by: Torin Berge, PT, PRC
As you may or may not know I have 5 kids, and as they get older, they get more independent and rely on me less and less for everyday things. It’s awesome, even though they still need my money! One step at a time, I guess. Recently our middle child has started being able to make dinner for us, though the menu of things he feels comfortable cooking is fairly limited. He does make a decently good box of mac and cheese though (as good as boxed mac and cheese can get anyway).
So as Bailey is learning to make his “gourmet” mac and cheese he follows the recipe on the box. Get your ingredients lined up… 6 cups of water, ¼ cup milk, ¼ cup margarine or butter. Step one: Boil 6 cups of water… So, of course Bailey measures out exactly 6 cups of water and starts to boil it for his Mac and Cheese… And that’s when it hit me. Why in the world does it need to be 6 Cups of water? Isn’t that overkill? Who measures 6 cups of water to make Mac and Cheese? As long as you have enough water so the macaroni can boil and expand that’s fine, right? Of course.
Well, obviously the point of the recipe is to ensure you can make a consistent meal. They know if you follow the recipe (as long as it has the correct steps) you will have a specific desirable outcome of mac and cheese. Now that’s not the only way to make mac and cheese (thank goodness). My kids like it a little creamier so I use a little less milk and a little more butter, and they like hotdogs cut up in it so I add that step if we have hotdogs. We’ve tried with a little hot sauce, or buffalo flavored chicken. Some people like veggies in their mac and cheese (gross…). Whatever tastes good to you Do it. However, you still need the main ingredients (Water to boil the mac, cheese, milk, butter etc.) for it to be mac and cheese.
Now what does this have to do with being a better PRI therapist or patient?
Have you seen our exercise handouts?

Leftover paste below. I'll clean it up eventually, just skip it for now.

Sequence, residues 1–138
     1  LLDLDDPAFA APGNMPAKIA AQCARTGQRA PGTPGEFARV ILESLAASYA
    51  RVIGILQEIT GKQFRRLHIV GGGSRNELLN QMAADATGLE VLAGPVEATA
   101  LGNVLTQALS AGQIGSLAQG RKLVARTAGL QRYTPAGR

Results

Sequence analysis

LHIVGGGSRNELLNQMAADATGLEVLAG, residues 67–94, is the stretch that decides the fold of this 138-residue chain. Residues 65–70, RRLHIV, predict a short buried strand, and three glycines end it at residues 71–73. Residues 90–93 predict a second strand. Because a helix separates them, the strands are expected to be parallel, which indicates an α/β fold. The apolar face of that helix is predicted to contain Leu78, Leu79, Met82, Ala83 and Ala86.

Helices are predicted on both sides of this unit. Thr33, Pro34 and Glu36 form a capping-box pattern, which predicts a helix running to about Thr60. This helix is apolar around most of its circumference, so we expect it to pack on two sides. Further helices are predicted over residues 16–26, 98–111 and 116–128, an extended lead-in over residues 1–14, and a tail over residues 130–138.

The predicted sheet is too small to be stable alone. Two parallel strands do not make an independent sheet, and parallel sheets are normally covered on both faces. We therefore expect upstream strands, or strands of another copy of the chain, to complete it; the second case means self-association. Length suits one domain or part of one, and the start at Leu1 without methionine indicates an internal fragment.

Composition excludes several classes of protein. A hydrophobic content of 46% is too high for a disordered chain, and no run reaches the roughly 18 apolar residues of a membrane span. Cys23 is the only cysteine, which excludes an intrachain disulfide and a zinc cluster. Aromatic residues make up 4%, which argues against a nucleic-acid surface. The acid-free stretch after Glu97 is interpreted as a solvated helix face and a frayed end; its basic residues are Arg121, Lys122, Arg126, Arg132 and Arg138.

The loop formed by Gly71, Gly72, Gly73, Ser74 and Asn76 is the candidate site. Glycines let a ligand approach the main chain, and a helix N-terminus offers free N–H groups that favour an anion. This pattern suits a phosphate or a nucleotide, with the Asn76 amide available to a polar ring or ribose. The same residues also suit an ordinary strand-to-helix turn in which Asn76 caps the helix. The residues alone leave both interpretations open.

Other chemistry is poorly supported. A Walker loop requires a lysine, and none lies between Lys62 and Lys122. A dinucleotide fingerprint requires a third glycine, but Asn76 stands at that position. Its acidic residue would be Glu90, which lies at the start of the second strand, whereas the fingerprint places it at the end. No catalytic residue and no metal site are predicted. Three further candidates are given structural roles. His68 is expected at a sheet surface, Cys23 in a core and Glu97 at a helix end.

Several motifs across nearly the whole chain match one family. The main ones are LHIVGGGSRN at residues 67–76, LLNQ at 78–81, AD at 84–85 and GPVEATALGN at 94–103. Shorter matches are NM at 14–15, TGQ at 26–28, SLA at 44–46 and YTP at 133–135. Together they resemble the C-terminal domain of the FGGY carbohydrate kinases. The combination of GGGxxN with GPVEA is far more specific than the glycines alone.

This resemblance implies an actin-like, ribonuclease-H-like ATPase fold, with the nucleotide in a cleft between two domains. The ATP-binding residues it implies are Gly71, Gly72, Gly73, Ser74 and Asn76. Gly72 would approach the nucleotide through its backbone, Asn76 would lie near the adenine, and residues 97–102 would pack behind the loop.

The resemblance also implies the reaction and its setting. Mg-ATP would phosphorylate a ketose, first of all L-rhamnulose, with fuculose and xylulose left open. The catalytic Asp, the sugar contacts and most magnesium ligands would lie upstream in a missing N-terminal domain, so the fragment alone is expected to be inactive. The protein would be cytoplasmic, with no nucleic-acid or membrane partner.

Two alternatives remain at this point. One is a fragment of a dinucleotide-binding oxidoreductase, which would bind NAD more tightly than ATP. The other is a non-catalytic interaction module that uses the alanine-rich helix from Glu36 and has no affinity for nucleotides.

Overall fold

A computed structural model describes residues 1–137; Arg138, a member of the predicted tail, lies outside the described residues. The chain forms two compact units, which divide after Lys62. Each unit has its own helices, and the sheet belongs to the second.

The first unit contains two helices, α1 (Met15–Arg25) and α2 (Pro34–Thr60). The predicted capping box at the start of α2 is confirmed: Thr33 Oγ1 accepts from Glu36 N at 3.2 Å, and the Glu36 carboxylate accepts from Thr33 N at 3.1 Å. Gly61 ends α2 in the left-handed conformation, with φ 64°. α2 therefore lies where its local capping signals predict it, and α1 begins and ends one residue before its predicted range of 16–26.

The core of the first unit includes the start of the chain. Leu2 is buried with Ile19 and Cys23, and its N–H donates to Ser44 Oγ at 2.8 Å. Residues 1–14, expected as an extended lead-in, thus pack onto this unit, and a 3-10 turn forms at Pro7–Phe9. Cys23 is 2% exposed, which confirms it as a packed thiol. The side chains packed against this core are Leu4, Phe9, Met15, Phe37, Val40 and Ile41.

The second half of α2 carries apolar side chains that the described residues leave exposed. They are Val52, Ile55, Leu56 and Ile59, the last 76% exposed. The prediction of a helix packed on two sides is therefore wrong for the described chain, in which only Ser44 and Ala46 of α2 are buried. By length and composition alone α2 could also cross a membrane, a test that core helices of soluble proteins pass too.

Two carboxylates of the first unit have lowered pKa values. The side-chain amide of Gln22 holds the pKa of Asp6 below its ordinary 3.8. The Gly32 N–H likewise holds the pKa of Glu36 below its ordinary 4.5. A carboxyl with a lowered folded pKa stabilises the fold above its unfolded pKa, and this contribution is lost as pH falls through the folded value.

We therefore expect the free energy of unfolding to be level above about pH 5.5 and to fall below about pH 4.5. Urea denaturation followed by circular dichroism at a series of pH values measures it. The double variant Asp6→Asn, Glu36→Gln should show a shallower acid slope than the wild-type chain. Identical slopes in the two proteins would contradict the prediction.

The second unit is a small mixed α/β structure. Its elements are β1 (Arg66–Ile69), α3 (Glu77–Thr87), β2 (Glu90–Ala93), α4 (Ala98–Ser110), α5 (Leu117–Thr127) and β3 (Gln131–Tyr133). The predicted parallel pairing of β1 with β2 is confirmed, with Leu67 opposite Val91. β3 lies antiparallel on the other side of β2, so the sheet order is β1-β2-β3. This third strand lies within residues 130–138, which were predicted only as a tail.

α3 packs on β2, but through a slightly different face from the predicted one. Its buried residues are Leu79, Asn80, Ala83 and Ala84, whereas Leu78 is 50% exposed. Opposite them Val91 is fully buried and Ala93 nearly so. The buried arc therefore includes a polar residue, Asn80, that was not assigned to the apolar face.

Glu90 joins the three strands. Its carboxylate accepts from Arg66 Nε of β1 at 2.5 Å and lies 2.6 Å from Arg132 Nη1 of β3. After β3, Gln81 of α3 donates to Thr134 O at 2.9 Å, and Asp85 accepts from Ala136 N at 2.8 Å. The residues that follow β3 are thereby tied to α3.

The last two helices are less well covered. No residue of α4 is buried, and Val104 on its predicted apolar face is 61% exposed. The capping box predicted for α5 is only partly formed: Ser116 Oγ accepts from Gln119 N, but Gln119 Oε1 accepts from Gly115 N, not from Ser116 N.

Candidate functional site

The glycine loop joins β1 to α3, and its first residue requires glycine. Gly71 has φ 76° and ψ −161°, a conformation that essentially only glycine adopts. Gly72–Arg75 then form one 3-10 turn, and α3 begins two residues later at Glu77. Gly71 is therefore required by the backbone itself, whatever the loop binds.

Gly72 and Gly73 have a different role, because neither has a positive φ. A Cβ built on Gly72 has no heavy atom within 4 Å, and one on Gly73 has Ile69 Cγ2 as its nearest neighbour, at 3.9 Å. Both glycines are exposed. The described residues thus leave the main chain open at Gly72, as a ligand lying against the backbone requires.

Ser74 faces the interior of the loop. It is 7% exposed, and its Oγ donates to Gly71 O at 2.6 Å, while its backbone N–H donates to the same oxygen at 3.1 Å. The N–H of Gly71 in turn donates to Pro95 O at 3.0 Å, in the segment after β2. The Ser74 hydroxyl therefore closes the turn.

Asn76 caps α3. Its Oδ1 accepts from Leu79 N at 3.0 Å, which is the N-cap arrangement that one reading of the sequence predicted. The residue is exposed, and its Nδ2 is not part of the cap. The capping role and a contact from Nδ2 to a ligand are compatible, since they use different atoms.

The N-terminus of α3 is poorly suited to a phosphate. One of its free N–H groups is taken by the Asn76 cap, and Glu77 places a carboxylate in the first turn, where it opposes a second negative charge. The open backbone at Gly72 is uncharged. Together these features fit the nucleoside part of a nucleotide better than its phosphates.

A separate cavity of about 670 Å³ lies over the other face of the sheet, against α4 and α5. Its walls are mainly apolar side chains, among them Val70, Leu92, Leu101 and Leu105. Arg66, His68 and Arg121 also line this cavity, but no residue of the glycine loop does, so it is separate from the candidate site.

They look like very involved recipes. There are lots of ingredients (muscles and body parts to feel), lots of steps in a specific order, with the intention of getting a desired outcome (meal). Some are more involved than others. Some have lots of ingredients and steps, some don’t. Take for example one of our most “notorious” exercises: the 90/90 hip lift with balloon. There are 11 (!) steps written for that recipe… I mean exercise. 11 steps just to lie on your back and blow up a balloon? Yep 11.
This is a great exercise because it has so many great ingredients and it can be used for so many reasons/outcomes. That’s why there are 11 steps.
A novice PRI PT (or patient) will follow that recipe to the letter; and we know if you do it exactly as written we will get the outcome we want. But the better you get at teaching that exercise (cooking) and the more you know what your patient needs to get out of the exercise (what tastes good to them) the more creative you can be with your cooking. You can emphasize, (“hold that pause after the exhale a little longer”) or de-emphasize (“don’t worry about the placement of your tongue for now”) certain ingredients or steps if your patient doesn’t need them. Add ingredients (shift your hips, reach an arm, look to the left with your eyeballs etc.) if that makes the meal taste a little better. Don’t forget the main ingredients, otherwise you won’t have mac and cheese, but you can be creative.
As a patient, read the steps, know the ingredients, but make sure you aren’t getting stuck at step one because you don’t know how to measure exactly 6 cups of water. Ask your therapist what the main ingredients are and what makes the exercise taste better or worse depending on what you need. I see too many patients that have gotten caught up in the overwhelming details of an exercise (like using exactly 6 cups of water or ¼ teaspoon of salt) that they miss out on a great meal.
So next time you read a PRI recipe remember the mac and cheese box. The recipe will definitely give you a meal, but its not the only way to get mac and cheese.
Questions? Leave a comment!